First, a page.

Friday, December 17, 2010

Its a lot easier to get out of jail than to get in...

Or at least that is the case when you are a medical student shadowing an OB/Gyn at the county jail.  Today, I woke up at 5AM to start our day of seeing female prisoners at 7AM.  While I was walking from the parking garage to the jail (its still dark out, mind you) some homeless man in a shady corner asks me what time it is.  Now, I am usually pretty polite to strangers, but sorry, I'm not about to stop by myself in a creepy, dark abandoned street to make myself vulnerable to be mugged so I just told him "Sorry, I don't know!" as I keep walking my normal brisk pace.  And he goes, "Do you have an iphone?!"  BAHAHA okay dude, obviously you don't have the best of intentions if you care how expensive my phone is.  Anyway, it was fine.  I just kept on walking.

Last week I had to get fingerprinted and fill out a few forms to get cleared and make sure I wasn't some crazy (understandable)... Today, I got to the jail early, but I didn't really know what to do because the doctor wasn't there yet.  So I went though some metal detectors and put my stuff through x-ray machines while I waited for her.  When she arrived, we got my visitor's security pass and headed upstairs.

So I don't know about any of you, but I have never been in a jail before.  I really had no idea what to expect.  I thought there would be cells with old fashioned bars like in the movies, but I didn't see any of those.  Instead, most of the cells are like the ones you see on prison documentaries or on Gangland (shout out to Amanda and Juliette, you guys woulda loved it).  It was really interesting to be on the inside.  There were cameras everywhere and you had to stand in front of the doors and wait for them to open them for you when they saw your face on the cameras.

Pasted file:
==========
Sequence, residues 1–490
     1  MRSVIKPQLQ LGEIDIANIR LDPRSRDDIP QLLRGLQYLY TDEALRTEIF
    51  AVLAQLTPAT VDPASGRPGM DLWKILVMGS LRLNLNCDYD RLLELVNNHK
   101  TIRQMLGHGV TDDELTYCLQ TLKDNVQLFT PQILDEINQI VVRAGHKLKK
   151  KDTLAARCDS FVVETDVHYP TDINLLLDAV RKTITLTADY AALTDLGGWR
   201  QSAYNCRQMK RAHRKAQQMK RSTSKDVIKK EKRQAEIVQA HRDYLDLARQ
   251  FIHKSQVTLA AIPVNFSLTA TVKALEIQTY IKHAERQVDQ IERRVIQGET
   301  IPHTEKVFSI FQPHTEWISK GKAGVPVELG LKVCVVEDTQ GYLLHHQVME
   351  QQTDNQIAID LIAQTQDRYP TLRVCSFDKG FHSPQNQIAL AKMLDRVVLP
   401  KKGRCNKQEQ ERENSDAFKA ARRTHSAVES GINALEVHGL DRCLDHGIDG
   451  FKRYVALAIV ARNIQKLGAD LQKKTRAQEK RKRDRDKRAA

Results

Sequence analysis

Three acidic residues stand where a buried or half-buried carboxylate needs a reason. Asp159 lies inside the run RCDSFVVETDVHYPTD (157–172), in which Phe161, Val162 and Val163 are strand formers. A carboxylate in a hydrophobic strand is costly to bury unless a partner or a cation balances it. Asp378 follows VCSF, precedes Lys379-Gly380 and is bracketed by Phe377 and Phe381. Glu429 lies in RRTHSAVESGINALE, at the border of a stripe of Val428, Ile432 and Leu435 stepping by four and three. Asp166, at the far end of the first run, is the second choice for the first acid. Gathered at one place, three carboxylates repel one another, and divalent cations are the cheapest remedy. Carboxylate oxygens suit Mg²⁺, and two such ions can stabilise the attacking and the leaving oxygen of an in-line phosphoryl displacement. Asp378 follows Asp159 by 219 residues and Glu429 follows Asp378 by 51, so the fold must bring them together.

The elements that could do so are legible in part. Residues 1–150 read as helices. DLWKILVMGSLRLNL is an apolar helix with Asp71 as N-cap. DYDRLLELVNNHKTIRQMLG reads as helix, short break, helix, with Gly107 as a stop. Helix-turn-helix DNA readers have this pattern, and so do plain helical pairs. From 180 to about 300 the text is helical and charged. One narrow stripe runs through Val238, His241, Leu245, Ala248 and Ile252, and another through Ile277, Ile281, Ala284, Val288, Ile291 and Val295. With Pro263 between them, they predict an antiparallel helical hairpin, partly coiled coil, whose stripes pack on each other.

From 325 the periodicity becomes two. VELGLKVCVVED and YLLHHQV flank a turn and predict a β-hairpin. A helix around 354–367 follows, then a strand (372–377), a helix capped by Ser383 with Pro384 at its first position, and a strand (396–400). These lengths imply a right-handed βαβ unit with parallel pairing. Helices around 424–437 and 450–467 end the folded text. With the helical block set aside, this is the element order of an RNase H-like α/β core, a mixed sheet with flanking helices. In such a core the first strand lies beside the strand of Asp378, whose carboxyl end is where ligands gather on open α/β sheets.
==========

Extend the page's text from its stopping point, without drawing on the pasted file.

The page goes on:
I wasn't sure how the patients would be, or if they would be "dangerous", but I was pleasantly surprised that they were all very polite and not scary.  I think a lot of them were there for drugs, not necessarily violent crimes.  I was really impressed with the care that the women inmates were given and specifically the birth control options they had.  The patients had a general demeanor of respect and appreciation for the physician and nurse, and I thought that was really cool.  It was really cool getting a glimpse into what  inmates are like, and their outlooks on their reproductive health.  The doctor was telling me that some of the patients will determine their pregnancy plan (whether they continue or terminate) when they find out how far along they are because that tells them who the father is, which I thought was an interesting aspect of this particular patient population.  Also, they usually live lifestyles that put them at a much higher risk of STIs, so I got to see a few of those.  It really surprised me that the doctor looked at the vaginal discharge right then and there in the microscope!  I thought that kind of stuff was sent to a lab now-a-days, but it was awesome that she knew what she was doing.  I got to see some Trichonomas swimming around on a slide... pretty gross stuff, frothy discharge and all!  (Lesson to all to wear a condom)  One girl was 30 weeks along and had used meth early in the pregnancy, but the doctor was just super non-judgmental and I thought that was really cool.  All in all, I got a LOT out of my day at the county jail.  Not only did I learn a lot medical-wise, but I also learned a lot about what its like in jail and about the people who are in it.  I hope to go back again soon! :D

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